BOOK REVIEW: We Can Be Who We Are: Movie Musicals from the '70s @ 7 October 2015 05:08 PM
This is a large book,
but it's remarkably swift and "digestible" to read. I chose to read
about the movies I liked best, but could not resist reading about the
ones that were so-so. But author Lee Gambin writes with such enthusiasm
and conviction, every chapter is fascinating and entertaining, whether
the film is familiar of not. Some of the reviews are combined in a
single section and others are given more lengthy examinations.
The obvious '70s films are here, like Grease, Saturday Night Fever,
Fiddler on the Roof, Jesus Christ Superstar, Godspell, even Willy Wonka
and the Chocolate Factory. What is truly marvelous is that a lot of
films that are usually tossed aside or barely acknowledged in most film
books are included--like Pufnstuf, Bedknobs and Broomsticks, Journey
Back to Oz, Raggedy Ann & Andy and Sherman Brothers musicals like
Charlotte's Web, The Magic of Lassie, Snoopy Come Home, Tom Sawyer and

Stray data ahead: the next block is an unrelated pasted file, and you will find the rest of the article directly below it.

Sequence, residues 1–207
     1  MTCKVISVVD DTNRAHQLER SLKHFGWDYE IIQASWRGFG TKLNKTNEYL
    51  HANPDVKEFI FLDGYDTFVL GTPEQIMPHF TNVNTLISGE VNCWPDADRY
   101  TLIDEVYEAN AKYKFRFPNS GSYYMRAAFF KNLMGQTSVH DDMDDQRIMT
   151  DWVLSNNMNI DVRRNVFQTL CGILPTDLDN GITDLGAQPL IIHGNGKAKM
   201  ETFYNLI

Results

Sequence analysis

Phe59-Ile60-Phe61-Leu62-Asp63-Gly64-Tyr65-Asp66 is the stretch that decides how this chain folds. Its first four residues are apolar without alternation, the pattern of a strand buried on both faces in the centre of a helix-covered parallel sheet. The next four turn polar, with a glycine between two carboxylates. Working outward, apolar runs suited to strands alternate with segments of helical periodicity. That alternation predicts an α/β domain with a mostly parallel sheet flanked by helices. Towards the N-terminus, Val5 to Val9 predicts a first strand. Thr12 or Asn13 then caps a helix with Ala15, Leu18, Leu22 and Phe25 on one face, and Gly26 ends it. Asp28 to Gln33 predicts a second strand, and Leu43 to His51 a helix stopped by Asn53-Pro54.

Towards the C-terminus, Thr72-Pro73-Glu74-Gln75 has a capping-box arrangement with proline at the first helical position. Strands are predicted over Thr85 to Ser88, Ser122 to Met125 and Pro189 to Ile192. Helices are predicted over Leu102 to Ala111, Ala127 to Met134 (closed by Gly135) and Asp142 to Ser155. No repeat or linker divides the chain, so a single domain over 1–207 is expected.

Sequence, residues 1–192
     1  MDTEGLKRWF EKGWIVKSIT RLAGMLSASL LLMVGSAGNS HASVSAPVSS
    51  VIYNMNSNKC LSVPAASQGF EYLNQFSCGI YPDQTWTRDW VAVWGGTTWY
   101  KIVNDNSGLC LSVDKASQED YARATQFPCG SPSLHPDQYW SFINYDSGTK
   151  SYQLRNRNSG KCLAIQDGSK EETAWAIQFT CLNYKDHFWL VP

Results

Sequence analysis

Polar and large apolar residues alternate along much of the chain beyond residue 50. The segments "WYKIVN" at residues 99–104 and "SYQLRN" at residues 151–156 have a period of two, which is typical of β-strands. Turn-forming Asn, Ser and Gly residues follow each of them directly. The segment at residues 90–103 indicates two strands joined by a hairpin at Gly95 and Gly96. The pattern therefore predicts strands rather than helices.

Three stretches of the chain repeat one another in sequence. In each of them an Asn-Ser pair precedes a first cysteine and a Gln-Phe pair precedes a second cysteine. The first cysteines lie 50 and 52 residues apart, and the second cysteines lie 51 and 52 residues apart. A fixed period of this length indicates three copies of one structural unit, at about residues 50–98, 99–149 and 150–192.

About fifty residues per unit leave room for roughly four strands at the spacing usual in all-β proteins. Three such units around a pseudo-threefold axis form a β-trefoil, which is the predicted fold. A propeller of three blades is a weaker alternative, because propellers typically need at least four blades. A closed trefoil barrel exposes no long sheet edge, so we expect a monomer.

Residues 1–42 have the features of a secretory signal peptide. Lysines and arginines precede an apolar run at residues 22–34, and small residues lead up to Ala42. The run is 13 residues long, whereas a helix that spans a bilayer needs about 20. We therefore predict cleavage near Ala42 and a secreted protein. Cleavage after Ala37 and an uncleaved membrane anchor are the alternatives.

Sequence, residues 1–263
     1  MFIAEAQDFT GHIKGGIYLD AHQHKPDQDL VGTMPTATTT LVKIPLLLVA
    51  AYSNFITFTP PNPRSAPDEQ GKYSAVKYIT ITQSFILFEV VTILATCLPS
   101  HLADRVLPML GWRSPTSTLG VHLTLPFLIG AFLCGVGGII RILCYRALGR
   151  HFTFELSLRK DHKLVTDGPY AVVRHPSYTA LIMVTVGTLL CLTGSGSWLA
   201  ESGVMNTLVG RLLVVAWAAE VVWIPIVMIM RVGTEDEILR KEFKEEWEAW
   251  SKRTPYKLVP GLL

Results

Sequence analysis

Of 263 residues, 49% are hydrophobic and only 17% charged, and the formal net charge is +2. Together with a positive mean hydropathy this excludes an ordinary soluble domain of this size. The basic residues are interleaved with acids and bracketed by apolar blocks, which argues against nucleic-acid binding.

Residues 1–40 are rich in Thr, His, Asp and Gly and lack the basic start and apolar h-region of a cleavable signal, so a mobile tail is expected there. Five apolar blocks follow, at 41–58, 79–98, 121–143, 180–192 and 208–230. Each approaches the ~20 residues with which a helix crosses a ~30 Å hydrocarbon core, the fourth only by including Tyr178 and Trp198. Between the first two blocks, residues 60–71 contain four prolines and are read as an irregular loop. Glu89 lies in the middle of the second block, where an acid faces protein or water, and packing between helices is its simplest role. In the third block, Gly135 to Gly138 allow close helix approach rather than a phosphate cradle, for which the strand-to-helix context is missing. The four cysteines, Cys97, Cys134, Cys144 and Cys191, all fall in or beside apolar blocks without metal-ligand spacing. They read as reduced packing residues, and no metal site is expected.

Huckleberry Finn--and are discussed with a respect and sense of
importance rarely if ever afforded to them.
Gambin also considers TV specials as valid musicals of the '70s and why
not? He reviews several Rankin/Bass classics like Santa Claus is Comin'
to Town and The Easter Bunny is Comin' To Town, plus TV versions of
Broadway shows like Applause and It's a Bird! It's a Plane! It's
Superman!. You'll even find the infamous Star Wars Holiday Special, The
Paul Lynde Halloween Special and Hanna-Barbera's KISS Meets the Phantom
of the Park!
Gambin often puts the subtexts and messages of the films under a
microscope, much as a college professor would in a film class. It's his
book and his valid opinion, but some might be taken aback by some of the
things he interprets. The book covers material from A to Z and from
G-rated to X-rated, so the reader will be exposed to very mature subject
matter and politically incorrect verbiage inherent in films that are of
The book does, however, have misspellings, errors and grammatical issues
here and there. The interviews are presented unedited, which means that
repetitions and extraneous phrases are intact. That's great from an
historic point of view, but it makes the reading somewhat tedious and is
not a favor to the interview subjects (from my experience, they don't
mind a little gentle editing). It would have also been helpful if the
table of contents included the titles of the films covered. However, the
interviews are pure gold and the overall book is so thorough on so many
points that it is still recommended.
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